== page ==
I came to Barnard as a transfer student from Cornell in 1970 and studied Latin and Greek. At Barnard, I found an opportunity to nourish my first love for Egyptian art and history in the Art History Department and in the Archaeology and History Departments at Columbia. I remember being struck by how easy it was to feel involved in Barnard’s small, female-dominated classics classes.
For a while, I worked as an administrative assistant and then as a lab assistant in a neuropharmacology lab at Yale, a job I learned about through Barnard. After a year in Paris, where my partner/husband was studying, I found an administrative assistant job connected to Egyptology at the Met. I started studies at the Institute of Fine Arts with scholarship support from the Met. I had a child, went with my husband to Israel, where I studied Egyptian language at Hebrew University, and returned after three years to a research, then curatorial, position and to finishing my Ph.D. I have been a curator in the Egyptian Art department for many years now and am responsible for the first millennium B.C. galleries.
I would tell students that your professors know you and want to help you and can reach out to friends in the field on your behalf, whether you know for sure what you want to do or are still undecided. Many years ago, [assistant professor of classics] Ellen Morris ’91 brought to my attention Irene Soto Marín ’10, who joined us as a college intern and went on to excavate in Egypt, earn a Ph.D. from the Institute for the Study of the Ancient World at NYU, and lead a research group on ancient currency in Switzerland.
I was an art history major, and in my sophomore year I took a class on ancient Near Eastern art at Columbia and was captivated. I took every class that the professor offered, including graduate-level seminars, and continued with this area of specialization in graduate school. In those classes and others, I was required to spend time at the Met and write about objects in the collection. My ancient Near Eastern art history professor introduced me to the curators at the Met. Making that connection allowed me to learn more about curatorial work, which influenced my decision to pursue a museum-based career. The overall art history training I received at Barnard also prepared me for graduate school, which led to my curatorial career.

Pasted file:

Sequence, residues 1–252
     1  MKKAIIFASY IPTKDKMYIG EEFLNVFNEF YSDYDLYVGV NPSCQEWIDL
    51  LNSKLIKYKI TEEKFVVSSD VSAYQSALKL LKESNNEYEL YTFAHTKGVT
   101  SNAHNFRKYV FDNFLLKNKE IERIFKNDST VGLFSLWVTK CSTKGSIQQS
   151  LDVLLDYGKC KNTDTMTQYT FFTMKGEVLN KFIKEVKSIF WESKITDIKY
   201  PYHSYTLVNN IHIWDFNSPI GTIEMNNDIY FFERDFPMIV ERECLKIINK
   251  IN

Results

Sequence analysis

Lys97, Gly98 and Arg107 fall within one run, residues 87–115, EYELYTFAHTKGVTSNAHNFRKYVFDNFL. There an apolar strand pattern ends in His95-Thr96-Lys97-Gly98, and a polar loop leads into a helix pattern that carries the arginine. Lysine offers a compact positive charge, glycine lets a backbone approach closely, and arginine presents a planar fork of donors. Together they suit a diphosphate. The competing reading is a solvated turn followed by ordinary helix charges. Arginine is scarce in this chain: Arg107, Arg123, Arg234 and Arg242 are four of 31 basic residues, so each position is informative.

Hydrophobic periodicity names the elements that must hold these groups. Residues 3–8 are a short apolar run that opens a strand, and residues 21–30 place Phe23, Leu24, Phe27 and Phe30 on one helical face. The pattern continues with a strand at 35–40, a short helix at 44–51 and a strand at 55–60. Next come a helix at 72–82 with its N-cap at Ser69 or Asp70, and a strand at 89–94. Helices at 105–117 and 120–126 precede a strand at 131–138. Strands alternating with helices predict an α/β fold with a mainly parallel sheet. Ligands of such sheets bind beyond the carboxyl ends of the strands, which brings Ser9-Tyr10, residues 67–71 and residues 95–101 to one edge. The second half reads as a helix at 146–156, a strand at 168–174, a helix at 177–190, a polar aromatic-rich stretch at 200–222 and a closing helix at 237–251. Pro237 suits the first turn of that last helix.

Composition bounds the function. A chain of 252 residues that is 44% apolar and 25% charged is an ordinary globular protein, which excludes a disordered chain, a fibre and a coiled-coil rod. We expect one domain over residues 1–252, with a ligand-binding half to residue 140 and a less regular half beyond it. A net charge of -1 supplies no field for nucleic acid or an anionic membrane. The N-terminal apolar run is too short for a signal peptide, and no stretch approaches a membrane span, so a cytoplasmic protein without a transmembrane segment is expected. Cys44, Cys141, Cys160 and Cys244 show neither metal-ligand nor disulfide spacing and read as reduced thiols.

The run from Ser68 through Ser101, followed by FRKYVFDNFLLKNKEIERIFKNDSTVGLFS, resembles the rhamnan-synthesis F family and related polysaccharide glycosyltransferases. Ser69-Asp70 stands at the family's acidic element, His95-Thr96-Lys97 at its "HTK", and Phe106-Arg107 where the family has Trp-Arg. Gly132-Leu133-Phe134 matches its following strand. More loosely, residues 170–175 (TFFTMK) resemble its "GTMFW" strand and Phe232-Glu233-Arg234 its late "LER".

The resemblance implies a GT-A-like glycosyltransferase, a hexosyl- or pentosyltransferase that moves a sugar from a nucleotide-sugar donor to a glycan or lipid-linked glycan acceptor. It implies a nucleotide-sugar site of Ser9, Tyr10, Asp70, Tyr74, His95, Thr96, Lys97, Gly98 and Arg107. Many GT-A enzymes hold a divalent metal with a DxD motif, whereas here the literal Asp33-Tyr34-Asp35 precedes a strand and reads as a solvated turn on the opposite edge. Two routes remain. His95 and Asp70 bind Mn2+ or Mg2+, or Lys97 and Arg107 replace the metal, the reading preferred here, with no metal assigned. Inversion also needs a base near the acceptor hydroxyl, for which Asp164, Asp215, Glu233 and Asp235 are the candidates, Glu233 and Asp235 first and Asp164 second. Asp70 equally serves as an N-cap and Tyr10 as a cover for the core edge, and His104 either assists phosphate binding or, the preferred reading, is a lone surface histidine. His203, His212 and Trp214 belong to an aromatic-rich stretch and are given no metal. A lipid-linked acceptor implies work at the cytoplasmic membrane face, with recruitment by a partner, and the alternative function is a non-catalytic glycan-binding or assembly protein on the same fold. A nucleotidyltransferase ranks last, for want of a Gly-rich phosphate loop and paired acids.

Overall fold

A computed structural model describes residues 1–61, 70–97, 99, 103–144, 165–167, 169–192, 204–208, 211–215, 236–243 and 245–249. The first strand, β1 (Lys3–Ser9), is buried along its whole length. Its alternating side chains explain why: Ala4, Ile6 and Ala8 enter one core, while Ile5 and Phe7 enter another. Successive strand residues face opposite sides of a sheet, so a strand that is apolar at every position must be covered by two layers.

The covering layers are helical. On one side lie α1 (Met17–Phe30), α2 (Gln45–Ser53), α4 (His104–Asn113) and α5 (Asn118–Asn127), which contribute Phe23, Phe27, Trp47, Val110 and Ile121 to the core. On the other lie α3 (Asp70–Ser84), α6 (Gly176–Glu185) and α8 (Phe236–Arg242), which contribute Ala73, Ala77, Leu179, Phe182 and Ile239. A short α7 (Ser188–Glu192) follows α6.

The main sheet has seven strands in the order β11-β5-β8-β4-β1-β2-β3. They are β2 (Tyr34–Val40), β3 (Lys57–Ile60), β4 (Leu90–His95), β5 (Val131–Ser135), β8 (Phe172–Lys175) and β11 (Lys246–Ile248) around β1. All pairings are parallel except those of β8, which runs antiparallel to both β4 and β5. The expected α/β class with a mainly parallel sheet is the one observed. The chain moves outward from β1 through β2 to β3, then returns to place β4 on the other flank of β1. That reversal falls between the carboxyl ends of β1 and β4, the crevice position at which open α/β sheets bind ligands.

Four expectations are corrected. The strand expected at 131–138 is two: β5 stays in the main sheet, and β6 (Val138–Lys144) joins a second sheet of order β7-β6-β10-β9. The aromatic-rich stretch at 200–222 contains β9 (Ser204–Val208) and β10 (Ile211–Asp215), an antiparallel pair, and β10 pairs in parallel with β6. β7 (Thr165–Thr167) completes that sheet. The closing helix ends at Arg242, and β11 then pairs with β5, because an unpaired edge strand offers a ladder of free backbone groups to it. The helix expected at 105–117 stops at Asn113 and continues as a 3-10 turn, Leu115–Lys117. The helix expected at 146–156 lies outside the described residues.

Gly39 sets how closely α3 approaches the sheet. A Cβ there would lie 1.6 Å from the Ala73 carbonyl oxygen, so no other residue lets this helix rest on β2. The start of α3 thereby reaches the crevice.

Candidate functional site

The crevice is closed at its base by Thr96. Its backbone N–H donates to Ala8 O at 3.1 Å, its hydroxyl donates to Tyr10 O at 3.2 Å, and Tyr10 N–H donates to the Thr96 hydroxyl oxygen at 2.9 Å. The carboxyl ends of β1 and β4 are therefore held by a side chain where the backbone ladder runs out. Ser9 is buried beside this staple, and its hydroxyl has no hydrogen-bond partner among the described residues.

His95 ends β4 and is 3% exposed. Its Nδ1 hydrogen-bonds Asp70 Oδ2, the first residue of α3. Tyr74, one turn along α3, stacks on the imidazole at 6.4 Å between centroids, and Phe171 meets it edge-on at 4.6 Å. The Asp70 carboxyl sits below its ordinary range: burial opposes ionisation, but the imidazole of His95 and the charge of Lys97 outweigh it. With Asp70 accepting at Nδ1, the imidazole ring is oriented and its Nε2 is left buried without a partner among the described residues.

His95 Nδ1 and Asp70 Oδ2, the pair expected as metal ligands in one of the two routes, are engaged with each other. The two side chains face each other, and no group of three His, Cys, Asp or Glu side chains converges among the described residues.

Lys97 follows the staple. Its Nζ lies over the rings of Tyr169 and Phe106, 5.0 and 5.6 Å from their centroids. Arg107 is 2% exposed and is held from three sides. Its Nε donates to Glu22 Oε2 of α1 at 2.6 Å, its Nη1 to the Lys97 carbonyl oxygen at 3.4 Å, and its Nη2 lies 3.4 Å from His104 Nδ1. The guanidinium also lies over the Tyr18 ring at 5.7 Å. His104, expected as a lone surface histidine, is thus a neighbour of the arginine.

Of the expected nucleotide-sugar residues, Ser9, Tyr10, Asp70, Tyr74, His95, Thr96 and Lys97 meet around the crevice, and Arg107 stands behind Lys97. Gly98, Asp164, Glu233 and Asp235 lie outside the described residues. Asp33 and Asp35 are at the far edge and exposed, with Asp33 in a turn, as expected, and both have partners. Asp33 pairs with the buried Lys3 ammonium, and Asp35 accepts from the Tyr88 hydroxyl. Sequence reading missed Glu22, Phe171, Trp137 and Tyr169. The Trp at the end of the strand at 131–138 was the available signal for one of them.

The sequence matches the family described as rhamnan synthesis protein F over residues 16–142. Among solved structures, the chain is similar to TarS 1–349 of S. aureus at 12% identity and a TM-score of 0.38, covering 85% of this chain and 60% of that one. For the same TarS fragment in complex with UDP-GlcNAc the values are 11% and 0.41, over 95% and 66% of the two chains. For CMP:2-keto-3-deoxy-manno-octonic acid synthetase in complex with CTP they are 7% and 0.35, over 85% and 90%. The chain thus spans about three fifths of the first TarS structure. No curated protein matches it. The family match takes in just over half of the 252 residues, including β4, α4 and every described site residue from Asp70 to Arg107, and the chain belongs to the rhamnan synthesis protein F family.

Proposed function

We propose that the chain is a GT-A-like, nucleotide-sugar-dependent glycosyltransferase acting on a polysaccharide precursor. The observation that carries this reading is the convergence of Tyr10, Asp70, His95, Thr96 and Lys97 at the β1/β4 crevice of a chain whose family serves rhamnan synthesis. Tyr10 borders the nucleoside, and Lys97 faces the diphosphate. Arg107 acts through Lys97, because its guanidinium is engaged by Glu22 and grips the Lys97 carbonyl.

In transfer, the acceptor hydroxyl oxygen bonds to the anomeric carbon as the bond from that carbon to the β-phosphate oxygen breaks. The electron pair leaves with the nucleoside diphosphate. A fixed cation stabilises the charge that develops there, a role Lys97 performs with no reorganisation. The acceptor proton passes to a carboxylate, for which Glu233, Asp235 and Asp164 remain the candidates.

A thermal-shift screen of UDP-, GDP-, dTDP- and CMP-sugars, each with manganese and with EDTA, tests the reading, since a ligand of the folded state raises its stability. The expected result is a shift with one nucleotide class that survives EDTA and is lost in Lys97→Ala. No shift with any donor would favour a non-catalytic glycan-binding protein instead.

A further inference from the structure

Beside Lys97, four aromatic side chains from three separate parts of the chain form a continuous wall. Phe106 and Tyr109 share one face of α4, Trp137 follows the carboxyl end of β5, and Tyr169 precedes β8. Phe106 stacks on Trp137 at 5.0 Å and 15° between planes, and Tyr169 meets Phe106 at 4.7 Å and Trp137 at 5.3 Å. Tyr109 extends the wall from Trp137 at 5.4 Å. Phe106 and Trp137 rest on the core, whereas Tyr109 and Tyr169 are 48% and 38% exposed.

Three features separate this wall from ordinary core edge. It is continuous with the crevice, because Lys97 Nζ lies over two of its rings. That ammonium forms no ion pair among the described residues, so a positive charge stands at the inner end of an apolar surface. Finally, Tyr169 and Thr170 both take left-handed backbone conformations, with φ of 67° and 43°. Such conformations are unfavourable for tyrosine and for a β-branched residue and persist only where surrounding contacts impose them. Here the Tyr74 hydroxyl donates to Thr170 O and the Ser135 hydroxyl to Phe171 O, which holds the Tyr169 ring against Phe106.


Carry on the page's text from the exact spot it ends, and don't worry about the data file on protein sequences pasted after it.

During graduate school I was an intern and a fellow in the Department of Ancient Near Eastern Art, where I am today. I stayed in contact with the department after I received my Ph.D. and started in a research position in 2008 and then on to a curatorial position the following year. I have worked on special exhibitions, edited and co-edited museum publications and catalogues, taught classes in the galleries, given gallery talks, worked on different education programs, participated in archaeological excavations, and have traveled with art that was being loaned to other museums.
I have served on a committee with Freyda, and it was nice to make the Barnard connection and that we went to the same graduate school! A few years ago I served as a mentor for a Barnard graduate who was interning in the digital department. My advice to students interested in working in museums is to talk to as many people as possible who work in the field to learn about the different institutions and available jobs.
As someone who double-majored in English and women’s, gender, and sexuality studies, I felt a bit of imposter syndrome when applying to internships, but I landed a summer internship with the Met MuSe, one of the most competitive museum internships in NYC. I worked in the Costume Institute Library, which allowed me to work at the intersection of three of my interests: museum work, library work, and fashion.
For two years at Barnard, I was the fashion director of Hoot Magazine but wanted to take a more theoretical approach to fashion. Working in a library surrounded by critical and historical texts on all kinds of fashion was something I didn’t realize existed. I believe I landed the internship through my involvement with Hoot, my liberal arts background, and my experience and interest with archival work.
As part of the cohort, all 40 interns had to develop and give their own tours to museum patrons multiple times throughout the summer. Using my interpretations of the art, based on what I learned in my English and WGSS classes, I developed a tour that blended fashion, art, and critical dialogue. I even made a zine that I handed out to patrons!
In other news: Check out the Radical Love exhibition on display at the Ford Foundation Gallery until August 17, 2019. Lisa Kim ’96 is the gallery director.